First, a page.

Are Domain Name
November 16, 2005
Domain name marketplaces charge 12-15 percent
commission on the sale price. The commission can be paid by the
buyer, seller, or divided between them.
At a first glance, this might seem high compared
to something like the 6 percent real estate commission. Below
I will provide arguments as to why a higher commission rate for
domain names is justifiable.
In their recent bestselling book, Levitt and Dubner point
out that the 6 percent commission does not give a buyer’s real
estate agent an incentive to secure the best price for the client.
They point out that for a sale of a $300,000 property, the commission
to the seller’s agent is only 1.5 percent, yielding a $4,500 commission.
However, they point out that if the house is sold for an additional
$10,000, the seller receives a net additional amount of $9,400,
while the agent only receives an additional fee of $150. The agent’s
commission, they point out, is not enough of an incentive for
the seller’s agent to go the extra mile to secure the property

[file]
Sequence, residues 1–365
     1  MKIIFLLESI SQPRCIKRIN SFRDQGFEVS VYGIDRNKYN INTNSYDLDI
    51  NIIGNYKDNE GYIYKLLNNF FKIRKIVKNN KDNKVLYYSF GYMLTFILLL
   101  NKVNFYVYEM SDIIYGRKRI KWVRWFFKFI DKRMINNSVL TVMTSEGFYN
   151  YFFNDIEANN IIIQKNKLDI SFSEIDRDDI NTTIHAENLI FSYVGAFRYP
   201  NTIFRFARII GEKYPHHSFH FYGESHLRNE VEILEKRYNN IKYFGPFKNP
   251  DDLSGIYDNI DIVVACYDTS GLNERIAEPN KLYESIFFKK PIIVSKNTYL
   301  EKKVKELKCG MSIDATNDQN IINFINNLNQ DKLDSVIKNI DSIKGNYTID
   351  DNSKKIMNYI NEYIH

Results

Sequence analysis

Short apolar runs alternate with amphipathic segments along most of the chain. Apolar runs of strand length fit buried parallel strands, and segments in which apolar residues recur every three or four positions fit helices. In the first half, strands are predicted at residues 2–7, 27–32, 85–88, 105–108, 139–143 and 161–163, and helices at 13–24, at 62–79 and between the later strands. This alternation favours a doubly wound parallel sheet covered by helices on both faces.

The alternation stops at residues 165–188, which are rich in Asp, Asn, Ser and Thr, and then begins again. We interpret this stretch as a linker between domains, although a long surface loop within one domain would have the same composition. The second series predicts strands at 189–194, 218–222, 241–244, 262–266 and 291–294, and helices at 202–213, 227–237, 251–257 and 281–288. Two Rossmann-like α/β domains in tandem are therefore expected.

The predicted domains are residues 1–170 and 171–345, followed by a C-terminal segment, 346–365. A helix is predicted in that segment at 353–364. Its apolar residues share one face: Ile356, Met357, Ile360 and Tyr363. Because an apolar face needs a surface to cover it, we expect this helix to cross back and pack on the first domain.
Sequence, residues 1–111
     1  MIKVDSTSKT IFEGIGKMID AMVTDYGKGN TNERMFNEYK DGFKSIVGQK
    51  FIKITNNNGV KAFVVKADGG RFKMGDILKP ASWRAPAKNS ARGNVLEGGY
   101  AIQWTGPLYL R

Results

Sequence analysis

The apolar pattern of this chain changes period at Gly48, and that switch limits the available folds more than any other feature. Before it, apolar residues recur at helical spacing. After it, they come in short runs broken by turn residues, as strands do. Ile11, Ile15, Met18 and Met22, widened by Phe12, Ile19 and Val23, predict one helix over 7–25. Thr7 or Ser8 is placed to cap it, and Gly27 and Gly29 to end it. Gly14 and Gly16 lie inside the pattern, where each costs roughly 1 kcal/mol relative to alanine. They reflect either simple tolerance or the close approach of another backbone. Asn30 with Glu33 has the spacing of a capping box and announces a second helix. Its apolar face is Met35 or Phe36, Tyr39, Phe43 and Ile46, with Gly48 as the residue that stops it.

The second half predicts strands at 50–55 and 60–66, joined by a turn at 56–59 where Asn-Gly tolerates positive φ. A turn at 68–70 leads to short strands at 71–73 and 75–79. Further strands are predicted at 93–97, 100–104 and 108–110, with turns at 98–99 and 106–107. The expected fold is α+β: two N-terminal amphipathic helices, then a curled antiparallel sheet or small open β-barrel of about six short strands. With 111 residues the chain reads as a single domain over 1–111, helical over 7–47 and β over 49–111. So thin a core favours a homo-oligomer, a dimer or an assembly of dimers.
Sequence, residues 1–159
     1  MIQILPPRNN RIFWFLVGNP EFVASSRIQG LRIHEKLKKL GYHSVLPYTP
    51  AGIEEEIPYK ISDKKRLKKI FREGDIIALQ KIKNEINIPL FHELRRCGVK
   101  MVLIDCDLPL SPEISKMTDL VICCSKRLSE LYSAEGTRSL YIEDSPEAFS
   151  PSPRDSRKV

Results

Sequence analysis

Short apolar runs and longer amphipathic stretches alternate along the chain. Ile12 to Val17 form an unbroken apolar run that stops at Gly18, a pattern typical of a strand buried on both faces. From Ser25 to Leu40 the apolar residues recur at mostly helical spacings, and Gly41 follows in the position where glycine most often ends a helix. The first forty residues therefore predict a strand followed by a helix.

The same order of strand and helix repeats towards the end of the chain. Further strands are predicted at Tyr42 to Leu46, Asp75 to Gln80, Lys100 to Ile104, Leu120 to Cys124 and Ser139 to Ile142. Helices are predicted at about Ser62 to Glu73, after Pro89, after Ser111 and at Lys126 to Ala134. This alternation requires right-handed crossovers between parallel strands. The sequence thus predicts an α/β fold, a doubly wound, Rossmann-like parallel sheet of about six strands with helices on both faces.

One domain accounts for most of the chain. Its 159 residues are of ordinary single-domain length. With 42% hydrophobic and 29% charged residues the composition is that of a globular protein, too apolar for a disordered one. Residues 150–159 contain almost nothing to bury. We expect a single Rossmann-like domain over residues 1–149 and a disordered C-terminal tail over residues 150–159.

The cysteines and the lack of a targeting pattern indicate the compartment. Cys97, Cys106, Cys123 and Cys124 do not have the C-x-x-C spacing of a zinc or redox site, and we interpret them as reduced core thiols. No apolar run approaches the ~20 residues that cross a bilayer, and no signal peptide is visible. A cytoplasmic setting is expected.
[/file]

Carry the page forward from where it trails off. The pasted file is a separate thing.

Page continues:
at, say, an additional $10,000. Hence, the agent would not work
in the best interest of the owner. Moreover, Levitt and Dubner
point out that an agents’ personal property is sold, on average,
at 3 percent higher than a client’s and that the agent’s property
is kept on the market for 10 days longer.
Unlike the real estate market, in which property
that is similar to other properties on the market frequently changes
hands, works of art and domain names are unique or nearly unique
and are infrequently traded. These two major characteristics contribute
to higher commissions in both the art market and the domain name
market. In the art market,
for example, Ashenfelter and Graddy report that an average commission,
called the “buyer’s premium,” paid by the buyer is 10 percent
to 17.5 percent of the sale price – called the “hammer price”
- but is lower for large purchases. Thus, a winning buyer pays
the hammer price and the buyer’s premium. Sellers also pay a negotiated
commission of 10 percent of the hammer price. In some cases sellers
pay no commission. As with domain name marketplaces, art markets
provide a wider range of services than real estate agents.
Like in the art market, domain name commission
is justifiably higher than a real estate agent’s so as to provide
an incentive to the agent to go the extra mile. Moreover, domain
name marketplaces, besides providing an exchange mechanism, they
provide additional services including bringing in the other side
of a transaction to the negotiation table, qualifying buyers and
sellers, and participating in negotiations, escrow, title transfer,